I'm about to make you regret not majoring in art history in college, because sure, you were able to get a job after school, but you missed out on something pretty great.
No, I don't mean the joy that is staring at heart-stoppingly brilliant stuff someone made a long, long time ago and having feelings about it. Or the fact that you're required to visit museums. It's more about the fact that all those portraits you've seen eventually seep into your subconscious and, one day when you're an internet scribe, you realize, "Hey, those Renaissance babes all had Cate Blanchett's SK-II skin!"
There is no better woman than Dior's famed international makeup designer Violette—a fellow art nerd (she legit studied painting, guys)—to give us all some advice on how to achieve that pure, rosy, never-been-outside complexion. Can you tell how excited I am for this? *lights off* *projector on*
Okay, we're about to get a bit technical here, but the payoff's worth it, you'll see. Two terms to know:
"sfumato," which is the sort of well-blended smokiness Leonardo da Vinci often used, and "chiaroscuro," which is the contrast between light and dark. Obviously, both are important when you're contouring in a subtle, non-Kardashian way with the objective of creating more balance between the features—not completely obliterating them.
For a round face, apply a shadow under the cheekbone to give it a sharper shape, but instead of using a weird orange, choose a real shadow color like taupe (brown with a touch of gray). MAC Buff is a good one.
For someone who doesn't have a lot of cheek definition, tap a metallic cream like Dior Skinflash Primer on the high points to catch the light and "give the sensation of volume."
Fun fact: She's holding those pliers because, pre-sainthood, she had all her teeth pulled out. Her skin still looks stunning and alive, though, which really shows you the power of a good rouge and illuminator.
To mimic the light hitting her face, turn to your new best friend again: highlighter. "The 'wet' touch on the face gives the effect of fresh, natural skin. So I apply it down the bridge of the nose and the cheekbone," Violette says. "I also love to apply it on the Cupid's bow because it plumps the upper lip and makes them sexy without trying too hard." (Saints can be sexy too.)
When it comes to blush, you want it to look like there's blood flowing under the skin but more, like you have the best circulation in the history of hematology. For oily skins, apply powder blush to the cheeks, then dust transparent powder on top and blend so the blush looks like it comes from within. For drier complexions, choose a cream blush to catch the light (a sheer lipstick works too) and blend with your fingers for better control. Touch up around the nose, mouth, and under-eyes with concealer afterward—you don't want redness or shadows in those areas.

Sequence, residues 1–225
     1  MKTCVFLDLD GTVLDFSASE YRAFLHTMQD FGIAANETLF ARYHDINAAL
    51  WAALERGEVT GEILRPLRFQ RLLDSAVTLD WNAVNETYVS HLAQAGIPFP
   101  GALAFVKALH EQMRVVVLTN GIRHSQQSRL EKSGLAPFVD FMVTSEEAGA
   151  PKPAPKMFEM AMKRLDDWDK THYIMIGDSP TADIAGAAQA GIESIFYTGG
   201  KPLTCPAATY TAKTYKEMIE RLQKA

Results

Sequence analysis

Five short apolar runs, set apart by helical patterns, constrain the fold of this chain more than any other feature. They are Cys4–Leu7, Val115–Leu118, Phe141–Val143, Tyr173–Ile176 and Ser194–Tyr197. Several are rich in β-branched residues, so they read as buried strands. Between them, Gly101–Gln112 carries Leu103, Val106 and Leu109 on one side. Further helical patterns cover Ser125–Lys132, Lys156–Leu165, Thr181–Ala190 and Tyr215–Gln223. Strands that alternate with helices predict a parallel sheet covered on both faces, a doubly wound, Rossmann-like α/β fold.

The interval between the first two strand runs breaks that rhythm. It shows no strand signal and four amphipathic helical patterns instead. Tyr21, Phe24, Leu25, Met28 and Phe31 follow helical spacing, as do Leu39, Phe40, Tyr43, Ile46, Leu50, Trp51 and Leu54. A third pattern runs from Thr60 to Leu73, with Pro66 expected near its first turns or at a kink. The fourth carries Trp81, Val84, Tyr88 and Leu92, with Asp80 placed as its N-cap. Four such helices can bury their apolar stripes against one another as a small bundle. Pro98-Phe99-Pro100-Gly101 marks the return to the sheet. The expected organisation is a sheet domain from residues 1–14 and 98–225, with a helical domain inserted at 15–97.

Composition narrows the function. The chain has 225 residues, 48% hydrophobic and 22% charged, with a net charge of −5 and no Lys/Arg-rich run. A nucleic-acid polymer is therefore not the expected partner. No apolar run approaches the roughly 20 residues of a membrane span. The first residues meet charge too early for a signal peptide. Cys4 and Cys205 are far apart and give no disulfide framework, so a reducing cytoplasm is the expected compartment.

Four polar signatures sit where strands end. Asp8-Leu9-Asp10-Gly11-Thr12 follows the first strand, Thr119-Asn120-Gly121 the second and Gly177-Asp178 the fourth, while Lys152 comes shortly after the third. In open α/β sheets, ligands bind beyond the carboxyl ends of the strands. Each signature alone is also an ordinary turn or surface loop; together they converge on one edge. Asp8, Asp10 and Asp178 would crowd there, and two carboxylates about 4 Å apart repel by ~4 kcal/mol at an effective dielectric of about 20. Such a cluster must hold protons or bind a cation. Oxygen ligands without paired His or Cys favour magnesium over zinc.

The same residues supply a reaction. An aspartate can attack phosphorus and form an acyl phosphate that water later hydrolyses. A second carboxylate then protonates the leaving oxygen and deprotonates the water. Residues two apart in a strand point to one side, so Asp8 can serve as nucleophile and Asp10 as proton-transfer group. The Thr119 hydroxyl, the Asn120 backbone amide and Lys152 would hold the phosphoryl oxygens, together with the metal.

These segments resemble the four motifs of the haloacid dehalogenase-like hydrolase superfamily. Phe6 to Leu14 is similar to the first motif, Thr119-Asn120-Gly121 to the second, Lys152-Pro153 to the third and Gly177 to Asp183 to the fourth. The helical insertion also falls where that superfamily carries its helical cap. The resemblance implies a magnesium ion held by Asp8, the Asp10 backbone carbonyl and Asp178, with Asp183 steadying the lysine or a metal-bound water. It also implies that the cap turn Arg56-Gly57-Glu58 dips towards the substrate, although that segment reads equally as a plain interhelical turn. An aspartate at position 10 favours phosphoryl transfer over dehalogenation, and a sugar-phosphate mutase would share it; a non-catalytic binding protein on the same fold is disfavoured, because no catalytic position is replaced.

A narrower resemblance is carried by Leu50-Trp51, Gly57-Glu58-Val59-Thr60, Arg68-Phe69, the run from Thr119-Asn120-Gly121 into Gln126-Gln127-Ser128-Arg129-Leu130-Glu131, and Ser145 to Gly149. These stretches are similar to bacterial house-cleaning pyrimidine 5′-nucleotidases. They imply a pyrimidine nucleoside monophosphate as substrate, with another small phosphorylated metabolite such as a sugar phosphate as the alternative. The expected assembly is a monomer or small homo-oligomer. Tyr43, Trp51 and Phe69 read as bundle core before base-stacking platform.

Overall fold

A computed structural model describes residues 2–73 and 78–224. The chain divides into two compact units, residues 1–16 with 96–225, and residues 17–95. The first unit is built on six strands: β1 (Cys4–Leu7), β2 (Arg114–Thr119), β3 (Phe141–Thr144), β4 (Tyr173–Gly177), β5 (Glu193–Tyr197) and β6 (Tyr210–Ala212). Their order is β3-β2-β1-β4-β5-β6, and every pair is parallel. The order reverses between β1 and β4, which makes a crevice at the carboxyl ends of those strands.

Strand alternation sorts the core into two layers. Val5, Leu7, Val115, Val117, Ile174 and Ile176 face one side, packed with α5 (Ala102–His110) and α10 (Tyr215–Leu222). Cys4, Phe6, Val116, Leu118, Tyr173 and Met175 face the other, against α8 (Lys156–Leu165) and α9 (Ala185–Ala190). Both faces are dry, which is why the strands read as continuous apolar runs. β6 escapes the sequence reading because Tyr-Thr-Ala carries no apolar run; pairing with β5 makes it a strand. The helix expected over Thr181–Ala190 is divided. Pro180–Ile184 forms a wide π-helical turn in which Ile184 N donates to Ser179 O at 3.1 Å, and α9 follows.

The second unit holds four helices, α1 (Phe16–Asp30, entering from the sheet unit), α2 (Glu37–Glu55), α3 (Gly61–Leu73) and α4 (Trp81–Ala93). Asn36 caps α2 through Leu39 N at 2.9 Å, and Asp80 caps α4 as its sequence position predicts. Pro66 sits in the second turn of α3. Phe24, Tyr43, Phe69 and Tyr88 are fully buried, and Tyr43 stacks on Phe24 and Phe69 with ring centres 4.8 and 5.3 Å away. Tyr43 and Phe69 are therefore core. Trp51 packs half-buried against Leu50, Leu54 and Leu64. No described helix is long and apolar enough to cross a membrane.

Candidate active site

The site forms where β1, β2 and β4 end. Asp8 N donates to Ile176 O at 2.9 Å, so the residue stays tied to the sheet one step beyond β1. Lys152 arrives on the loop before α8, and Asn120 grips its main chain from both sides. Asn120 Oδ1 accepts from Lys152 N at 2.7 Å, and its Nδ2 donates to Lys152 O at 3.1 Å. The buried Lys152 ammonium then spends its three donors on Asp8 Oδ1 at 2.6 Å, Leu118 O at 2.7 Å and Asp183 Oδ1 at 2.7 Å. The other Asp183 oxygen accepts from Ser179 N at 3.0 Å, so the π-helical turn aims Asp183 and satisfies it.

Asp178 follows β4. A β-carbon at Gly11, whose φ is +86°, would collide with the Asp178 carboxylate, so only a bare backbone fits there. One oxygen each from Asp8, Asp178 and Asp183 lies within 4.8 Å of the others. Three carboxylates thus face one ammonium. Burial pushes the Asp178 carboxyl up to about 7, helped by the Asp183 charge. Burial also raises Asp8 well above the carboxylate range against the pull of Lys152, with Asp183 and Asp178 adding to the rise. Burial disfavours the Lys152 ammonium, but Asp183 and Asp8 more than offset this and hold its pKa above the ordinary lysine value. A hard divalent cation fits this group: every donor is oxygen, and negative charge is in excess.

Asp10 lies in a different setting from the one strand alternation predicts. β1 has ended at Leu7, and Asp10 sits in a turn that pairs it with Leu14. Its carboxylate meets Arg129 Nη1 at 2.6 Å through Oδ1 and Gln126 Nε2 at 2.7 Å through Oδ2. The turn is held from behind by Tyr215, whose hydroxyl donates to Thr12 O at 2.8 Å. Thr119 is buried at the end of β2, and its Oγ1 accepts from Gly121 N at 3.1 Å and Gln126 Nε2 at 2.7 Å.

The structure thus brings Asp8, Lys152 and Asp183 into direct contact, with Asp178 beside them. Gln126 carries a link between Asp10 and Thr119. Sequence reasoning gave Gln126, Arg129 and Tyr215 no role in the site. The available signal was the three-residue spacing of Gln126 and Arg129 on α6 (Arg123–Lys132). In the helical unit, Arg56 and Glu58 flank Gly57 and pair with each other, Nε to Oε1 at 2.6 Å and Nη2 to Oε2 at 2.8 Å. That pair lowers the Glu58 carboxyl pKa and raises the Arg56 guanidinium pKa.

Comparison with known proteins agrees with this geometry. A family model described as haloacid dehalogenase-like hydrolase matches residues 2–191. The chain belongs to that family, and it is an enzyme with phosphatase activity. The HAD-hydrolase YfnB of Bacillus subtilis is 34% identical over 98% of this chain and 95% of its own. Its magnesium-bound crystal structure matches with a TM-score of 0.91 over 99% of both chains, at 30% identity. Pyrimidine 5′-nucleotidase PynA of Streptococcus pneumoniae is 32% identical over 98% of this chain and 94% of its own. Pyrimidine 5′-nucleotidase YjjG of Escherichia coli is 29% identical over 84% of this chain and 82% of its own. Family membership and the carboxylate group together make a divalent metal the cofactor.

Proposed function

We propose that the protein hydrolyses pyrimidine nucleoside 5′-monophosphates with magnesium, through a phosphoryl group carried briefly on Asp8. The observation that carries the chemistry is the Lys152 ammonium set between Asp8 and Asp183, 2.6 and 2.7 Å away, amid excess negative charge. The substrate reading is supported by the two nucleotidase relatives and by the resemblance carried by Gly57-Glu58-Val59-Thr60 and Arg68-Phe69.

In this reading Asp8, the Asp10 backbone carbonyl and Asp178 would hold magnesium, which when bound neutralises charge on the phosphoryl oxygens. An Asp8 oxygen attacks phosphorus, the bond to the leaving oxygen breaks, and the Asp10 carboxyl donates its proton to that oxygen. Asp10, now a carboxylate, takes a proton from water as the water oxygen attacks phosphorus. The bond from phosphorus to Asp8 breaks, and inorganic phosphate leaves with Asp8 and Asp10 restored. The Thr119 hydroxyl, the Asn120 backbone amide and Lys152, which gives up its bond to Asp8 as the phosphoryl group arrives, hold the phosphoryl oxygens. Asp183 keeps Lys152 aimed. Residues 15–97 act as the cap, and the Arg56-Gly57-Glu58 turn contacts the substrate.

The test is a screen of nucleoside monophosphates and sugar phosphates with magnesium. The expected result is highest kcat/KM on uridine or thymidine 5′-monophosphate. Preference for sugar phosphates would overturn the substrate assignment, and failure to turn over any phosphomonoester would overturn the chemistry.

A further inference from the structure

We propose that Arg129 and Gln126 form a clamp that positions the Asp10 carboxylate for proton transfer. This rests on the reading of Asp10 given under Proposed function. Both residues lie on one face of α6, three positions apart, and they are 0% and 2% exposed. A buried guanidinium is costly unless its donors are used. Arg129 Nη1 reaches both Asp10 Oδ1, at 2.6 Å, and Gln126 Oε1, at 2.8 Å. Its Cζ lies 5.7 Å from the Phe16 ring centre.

Order of application
You know how artists paint on an underlayer first, then add more pigment here and leave some areas more bare there? That's what you're doing to your face.
This has, no doubt, been hammered into your brain since you were old enough to start caring about how you looked, but one more time, just because it's so important: Take care of your skin so you can resemble a 16th-century virgin using the smallest amount of makeup possible, even though 16th-century virgins probably had spots too—someone was simply nice enough not to include them.
When choosing a foundation, make sure to match the neck and face. After all, says Violette, "a painter wouldn't use a red beige [on one area] and a yellow beige [on the other]." (You've never seen an Eagle on a Rembrandt, right?) Then add shadows and highlights, then blush.
You might be tempted to swipe on some eyeliner next, but for a more period-appropriate look, dot it just between the lashes. And to everyone who was like, "No mascara, ewwwwwww?" All the cool Old Master chicks were doing it, so there.
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